Fiona Rintoul studies the data in our latest fund administration survey and considers from which geographies third-party fund administrators anticipate growth.
Europe’s fund administration business has been characterised by consolidation over the past couple of years. First, there was the Dexia-Royal Bank of Canada merger, which has created a firm with almost €30bn of assets under administration; then, more recently Bank of New York and Mellon joined forces, bringing into being a fund administration monolith with €755bn in funds under administration.
The days of small specialist players in fund administration, are, it seems receding. A few highly skilled niche firms may survive, but increasingly size matters, with big firms moving into areas traditionally the preserve of small specialists such as hedge fund servicing, whether through acquisitions or organic growth.
In fact, increased demand for hedge fund services is one of the headline trends that emerges from this year’s Funds Europe European Fund Administration Survey. Almost every respondent cites hedge funds as the area where business is expanding fastest. Within that funds of hedge funds feature strongly, while there is also important growth among other classes of alternative investments, such as private equity and real estate.
Of course, it remains to be seen how well the big firms will service these market segments. Mergers can be disruptive. The newly hatched BNY Mellon displays an awareness of this when it cites managing market perception of the merger as a key challenge for the next 12 months: “While our clients and staff have only benefited from the added resources and capabilities, we will continue to battle external perception that the merger will be disruptive to business as usual.”
Another key trend that emerges from the 2007 Survey, is an increased focus on Asia. European asset managers have generally been quicker to capitalise on opportunities in important emerging Asian markets such as China than their US counterparts. It seems that the firms that service European asset managers in Europe are now following them eastwards.
Within Europe, the key markets where growth is expected to be concentrated over the coming year are France and Italy. This is likely to favour firms that emphasise local presence, local knowledge and local language. Francophone firms such as BNP Paribas, SGSS-Euro VL and Fortis are well placed to benefit from growth in the Italian market, being among the few with offices there, as well as from growth in France. Interestingly, however, the French firms generally do not cite France as a growth market.
Two other firms in pole position to capture new business in Italy and France are the recently merged entities BNY Mellon and RBC Dexia. Both firms have offices in France and Italy.
Other markets that are picked as having exceptional growth potential are the Netherlands, Spain and Switzerland, and to a lesser extent, Germany. Some firms also now see potential in Central & Eastern Europe, while Bank of Ireland names Turkey as a key growth market.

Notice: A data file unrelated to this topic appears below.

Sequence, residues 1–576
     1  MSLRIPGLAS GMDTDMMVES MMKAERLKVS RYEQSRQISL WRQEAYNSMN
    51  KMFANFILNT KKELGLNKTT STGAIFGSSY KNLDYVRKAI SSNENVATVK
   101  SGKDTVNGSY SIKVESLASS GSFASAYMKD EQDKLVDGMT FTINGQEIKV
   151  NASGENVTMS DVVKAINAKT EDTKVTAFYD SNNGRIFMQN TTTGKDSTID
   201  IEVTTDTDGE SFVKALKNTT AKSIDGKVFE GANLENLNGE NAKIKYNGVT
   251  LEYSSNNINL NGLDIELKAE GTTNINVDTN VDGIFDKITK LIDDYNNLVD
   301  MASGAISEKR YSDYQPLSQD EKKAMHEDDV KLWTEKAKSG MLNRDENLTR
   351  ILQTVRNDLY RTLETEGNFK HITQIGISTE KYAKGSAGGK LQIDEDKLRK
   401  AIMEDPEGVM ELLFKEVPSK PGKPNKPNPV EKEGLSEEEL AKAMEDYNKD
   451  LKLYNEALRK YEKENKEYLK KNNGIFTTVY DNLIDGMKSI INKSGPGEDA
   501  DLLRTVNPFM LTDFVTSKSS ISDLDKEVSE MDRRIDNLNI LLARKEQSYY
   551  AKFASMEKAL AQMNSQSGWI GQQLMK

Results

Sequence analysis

In terms of the challenges facing fund administration companies, two key strands emerge. One is coping with new regulation, this year particularly MiFID (the Market in Financial Instruments Directive) and new taxation laws in Germany and Austria, and the other is the increasing complexity of the products that fund administration companies must service.
The increasing complexity of the products serviced leads to more complex IT requirements. The management and integration of increasingly sophisticated IT platforms is also mentioned by respondents as a key challenge for the industry. The investment required in IT is also an issue as it takes place against a backdrop of pressure on fees and demands for greater fee transparency.
Additionally, fund administration companies have to cope with convergence between traditional and alternative strategies, in Europe partly as a result of increased investment freedoms introduced for long-only funds by Ucits 3.
This, and the emergence of more liability-led investment instruments and guaranteed products, has led to an increased used of derivatives. A lack of standardisation in the derivatives marketplace is another key challenge for fund administrators, as is the increased demand for independent pricing of over-the-counter derivatives.
Rationalisation of fund ranges is also leading to increased use of structures such as pooling. Providing the infrastructure to deal with these structures in an environment where cross-border distribution is expanding is another challenge for fund administrators.
Finally, the all important issue of human capital is cited as a key challenge by many companies. All of the foregoing require talented and able staff and these can be difficult to find.
Firms particularly struggle to find and retain people that are skilled in the field of derivatives accounting, which is increasingly important in asset management.
A solution that some firms are adopting is to open service centres in new markets, such as the Central & Eastern European countries, where there are untapped pools of well-educated potential staff.
© fe August 2007